|Morning in the |
there are palm trees
but this in not our view,
just so it's clear)
On school days we have an alarm set to sound to get us up so we over an hour before needing to leave the house. Getting our son up on school mornings can be particularly challenging, so we factor in time to:
- actually get him out of bed (which sometimes literally involves dragging him off)
- prepare him a warm breakfast (or at least something that can be warmed in the toaster over) and putting together his lunch
- give him adequate time to eat (which often involves at least ten minutes of him just sitting at the dining room table, zoned out while presumably still waking up, allowing whatever we made to get cold)
- get himself ready (brush his teeth, wash his face, etc., while factoring in he'll goof around in the bathroom until we step in to get him back on track)
- get himself dressed (which he drags out to the last minute because he hates his school uniform)
As my wife and I both work from home that routine is all geared around getting him to school on time. Even on good days we're often just getting out the door on time.
The vast majority of those days I'm already awake when the alarm sounds. My body is simply accustomed to waking up then (and even on the weekends generally I cannot sleep in); the alarm is more the indication of needing to actually get up than something to rouse me.
|Morning at the bedroom window|
(not as attractive as the palm
trees so that's why I didn't
put it up top but included here,
as it's the actual view)
AND that brings us to... the Friday before we "spring forward". Our son didn't have school for an administrative day, so we'd disabled the alarm on that day, as we didn't need to go through any of that normal routine and could let my wife and him sleep in a bit. (I'd be up anyway.) A little bonus sleep before the fall!
On that Sunday of course the clocks "sprang forward" to Daylight Saving Time, and everything seemed a bit off as it always does that day. Sunrise was now around the time we'd need to leave on a school day rather than around getting up time. But hey, the sunset was later so we had more daylight at the end of the day. That's the whole point, right?
On the Monday after "springing forward" I remember waking up and laying in bed for a couple minutes. The alarm had not sounded, and the house was a bit cold still with the unusually cool March we had, so I figured I had a few minutes before I needed to get out from under the warmth of the covers.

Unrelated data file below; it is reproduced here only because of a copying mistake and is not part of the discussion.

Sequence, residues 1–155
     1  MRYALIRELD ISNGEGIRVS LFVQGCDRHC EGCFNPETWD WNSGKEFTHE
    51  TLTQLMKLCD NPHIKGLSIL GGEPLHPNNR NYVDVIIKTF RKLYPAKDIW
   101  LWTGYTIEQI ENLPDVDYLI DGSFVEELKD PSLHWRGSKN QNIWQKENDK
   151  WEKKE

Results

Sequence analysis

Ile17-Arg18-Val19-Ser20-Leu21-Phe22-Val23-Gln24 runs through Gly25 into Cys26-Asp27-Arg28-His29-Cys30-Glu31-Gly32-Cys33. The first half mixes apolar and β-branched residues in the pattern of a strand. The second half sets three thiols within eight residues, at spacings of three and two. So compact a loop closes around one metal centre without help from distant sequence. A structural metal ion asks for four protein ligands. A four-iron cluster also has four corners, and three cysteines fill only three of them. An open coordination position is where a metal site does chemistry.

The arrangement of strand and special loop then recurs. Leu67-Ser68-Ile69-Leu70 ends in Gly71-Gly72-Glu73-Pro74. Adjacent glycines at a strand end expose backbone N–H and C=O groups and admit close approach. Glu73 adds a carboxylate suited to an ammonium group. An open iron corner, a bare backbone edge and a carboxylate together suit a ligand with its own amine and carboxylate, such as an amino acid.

Then it occurred to me: It's starting to get light out. With the time change it should still be dark.
I grabbed my phone from my nightstand. (I don't have a clock there anymore.) It was about ten minutes until we should be leaving the house. We'd overslept!
We'd forgotten to re-enable the alarm after Friday's break. And my typically reliable body clock was still back on Standard Time.
I muttered an obscenity and quickly woke up my wife, then got our son out of bed. I apologized as I dragged him to the bathroom and got him ready myself, while my wife threw together his lunch (with extra snacks). She grabbed a banana and granola bar for him to eat in the car ride, and put a little milk in a thermos bottle. I got our son dressed fast while my wife quickly got herself ready to drive him to school. They got in the car and were on their way about fifteen minutes after my realization, so only about five minutes behind schedule.
When my wife got home from dropping him off I asked if they made it on time. As it turned out, traffic was lighter than usual and they were actually slightly early, presumably because most other people were running even later than we were.
Now with a few weeks to adapt, my body is waking up before the alarm again. Nonetheless, we now make a habit of making sure the alarm is set the night before. Parenting is always challenging, and often is barely pulling it all together in time, but schools really should not be making it even more difficult by disrupting that routine just before the time change. Clearly we can be ready in much less than an hour if we must, but that's no way to live.
(Changing the clocks twice a year is in its way absurd but that at least serves some purpose that can be beneficial. At least I assume so, having lived with it my entire life, but as I wrote last year it might be a harder sell if we didn't already do it.)